On Thursday, February 22, students from more than two dozen colleges demanded their institutions “cancel their contracts with Starbucks in protest against the company’s response to union organizing efforts,” according to TheGuardian (UK).
Students from California to New York - in conjunction with Starbucks Workers United - pointed to the coffee giant’s less-than-worker-friendly tactics in dealing with demands for unionizing. Restaurant Dive lists some of those tactics, which include “workplace surveillance and diluting the electoral pool at unionizing locations, firing workers involved with the union in alleged retaliation, and alleged solicitation of grievances in an effort to stymie union organizing.”
The powerful cede power only when forced to, and it’ll be most interesting to see what effect these and other protests have on Starbucks’ policy. The Guardian reports that . . .
“nearly 400 Starbucks stores around the US have won union elections to join Starbucks Workers United since December 2021...but a first union contract for any store has yet to be reached.”
As any giant corporation would, Starbucks claimed there’s nothing to see here, folks, just move along now...Several sources quote a spokesperson for the coffee chain: “While we remain longstanding advocates of civil discourse, our focus is on fulfilling our promise to offer a bridge to a better future for all partners – through competitive pay, industry-leading benefits for part-time work, and our continued efforts to negotiate fair contracts for partners at stores that have chosen union representation.”
University of North Carolina at Chapel Hill student Haya Odeh puts about as much credence into that statement as you do. “We’re just not going to let Starbucks slide with the injustices they pass on to workers,” she’s quoted in The Guardian. “Their union busting is just the very tip of the iceberg. Their labor practices and how they treat their workers, we want to push the message that we’re not going to stand for this as students.”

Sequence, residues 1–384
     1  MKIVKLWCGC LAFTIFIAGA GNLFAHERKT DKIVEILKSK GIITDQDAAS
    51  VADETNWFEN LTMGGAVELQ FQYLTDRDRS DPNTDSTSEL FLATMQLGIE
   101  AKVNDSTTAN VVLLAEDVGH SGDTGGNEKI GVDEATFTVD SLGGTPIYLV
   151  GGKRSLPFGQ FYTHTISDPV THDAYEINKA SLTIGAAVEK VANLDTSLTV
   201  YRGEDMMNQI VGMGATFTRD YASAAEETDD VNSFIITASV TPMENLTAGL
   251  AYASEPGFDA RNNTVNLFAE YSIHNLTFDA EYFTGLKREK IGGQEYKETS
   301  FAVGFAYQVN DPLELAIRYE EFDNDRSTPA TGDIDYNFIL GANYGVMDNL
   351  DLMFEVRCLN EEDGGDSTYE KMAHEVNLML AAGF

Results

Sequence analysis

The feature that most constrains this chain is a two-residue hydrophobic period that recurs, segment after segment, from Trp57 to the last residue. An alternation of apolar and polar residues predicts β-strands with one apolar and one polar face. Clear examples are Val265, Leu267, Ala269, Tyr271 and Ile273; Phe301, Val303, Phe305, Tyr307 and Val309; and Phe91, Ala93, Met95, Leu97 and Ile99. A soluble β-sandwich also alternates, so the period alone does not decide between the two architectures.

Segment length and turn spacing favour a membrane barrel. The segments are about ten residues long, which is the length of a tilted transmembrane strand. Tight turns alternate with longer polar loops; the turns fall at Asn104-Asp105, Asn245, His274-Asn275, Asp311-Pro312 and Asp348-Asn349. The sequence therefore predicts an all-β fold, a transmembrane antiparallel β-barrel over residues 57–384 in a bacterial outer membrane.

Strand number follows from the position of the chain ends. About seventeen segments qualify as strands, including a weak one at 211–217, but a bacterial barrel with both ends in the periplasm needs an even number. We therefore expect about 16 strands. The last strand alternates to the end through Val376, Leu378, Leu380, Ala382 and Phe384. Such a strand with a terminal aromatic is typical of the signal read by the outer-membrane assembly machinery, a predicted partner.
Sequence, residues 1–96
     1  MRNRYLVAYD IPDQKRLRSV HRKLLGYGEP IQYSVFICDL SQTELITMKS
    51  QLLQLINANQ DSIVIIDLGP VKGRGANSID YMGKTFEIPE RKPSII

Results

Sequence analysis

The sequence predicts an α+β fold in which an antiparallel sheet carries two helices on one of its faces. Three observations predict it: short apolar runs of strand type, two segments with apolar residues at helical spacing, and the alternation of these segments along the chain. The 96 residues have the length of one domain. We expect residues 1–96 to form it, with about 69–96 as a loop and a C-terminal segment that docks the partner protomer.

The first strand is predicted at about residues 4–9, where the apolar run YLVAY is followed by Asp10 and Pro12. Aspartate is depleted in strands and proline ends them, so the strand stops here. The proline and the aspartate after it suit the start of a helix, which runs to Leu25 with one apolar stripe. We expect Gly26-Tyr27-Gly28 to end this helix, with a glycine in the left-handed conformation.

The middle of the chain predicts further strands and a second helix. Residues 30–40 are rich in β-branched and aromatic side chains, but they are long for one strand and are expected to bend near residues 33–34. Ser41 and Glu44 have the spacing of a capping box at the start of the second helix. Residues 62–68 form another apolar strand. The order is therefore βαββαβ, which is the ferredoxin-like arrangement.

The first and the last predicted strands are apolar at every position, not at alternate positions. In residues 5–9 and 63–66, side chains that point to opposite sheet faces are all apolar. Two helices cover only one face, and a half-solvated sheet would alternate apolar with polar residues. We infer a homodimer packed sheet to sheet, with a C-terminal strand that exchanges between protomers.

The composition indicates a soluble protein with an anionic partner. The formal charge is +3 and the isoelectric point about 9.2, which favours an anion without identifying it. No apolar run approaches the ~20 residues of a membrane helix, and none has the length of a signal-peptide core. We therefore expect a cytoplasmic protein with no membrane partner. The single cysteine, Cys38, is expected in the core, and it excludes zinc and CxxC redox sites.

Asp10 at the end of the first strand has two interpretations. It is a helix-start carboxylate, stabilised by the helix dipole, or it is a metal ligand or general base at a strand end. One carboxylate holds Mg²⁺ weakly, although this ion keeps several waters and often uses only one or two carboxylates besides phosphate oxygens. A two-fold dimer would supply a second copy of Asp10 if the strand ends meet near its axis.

Georgetown University’s paper TheHoya reported on a panel discussion held on February 22, sponsored by Georgetown Students Against Starbucks (GSAS). “Panelist Meghin Martin, a former partner at Starbucks and member of SWU, said Starbucks has refused to engage in good faith bargaining, a type of negotiation in which both parties must sincerely resolve to reach a collective bargaining agreement.
‘Their whole game plan is running the union dry, wait as long as they possibly can, and hope that we either just give up, we run out of money.’”
Speaking of money, Starbucks has quite a lot of it. Those protesting its labor practices have gumption, dedication to the cause of the worker, and the desire to end corporate exploitation.
Time will declare the victor. For the moment, a cup of coffee would be terrific. A nice, home-brewed cup in a porcelain mug that can be used time and again...
Bernie is talking about voting rights, but is this the most important issue facing offenders?
Bernie Sanders has gotten some attention, and a lot of criticism, for proposing that people currently incarcerated, on probation, or parole should have the right to vote.
He even wrote an op-ed about it. Kamala Harris said she supported the idea and then flip-flopped once she realized what a gaffe it was. Vox has an excellent, though undoubtedly "woke" take on the issue here.
This is a legislation that is opposed by 3 out of 4 Americans, which reveals that Bernie is a dangerous, even reckless candidate for the Dems. So many of his views are completely out of line with the mainstream. And we all know who is going to focus on those if he somehow surpasses Biden as the nominee.
Efforts to reform the criminal justice system are vital, but voting rights are just about at the bottom of the list of what matters to offenders. They want access to education and job training and work opportunities that will give them a chance to be productive in the world once they finally get out. The First Step Act was an excellent bit of progress, but there is so much more to do to block the school-to-prison pipeline. Progress is being made at the state level, and there seems to be a bipartisan consensus, aside from Sen. Tom Cotton, to keep reform moving forward.
State by state, offenders need fewer of the tripwires- high bail amounts, fees, fines, drug tests- that get them locked up in the first place or sent back to prison. Overcrowded conditions still abound in so many facilities.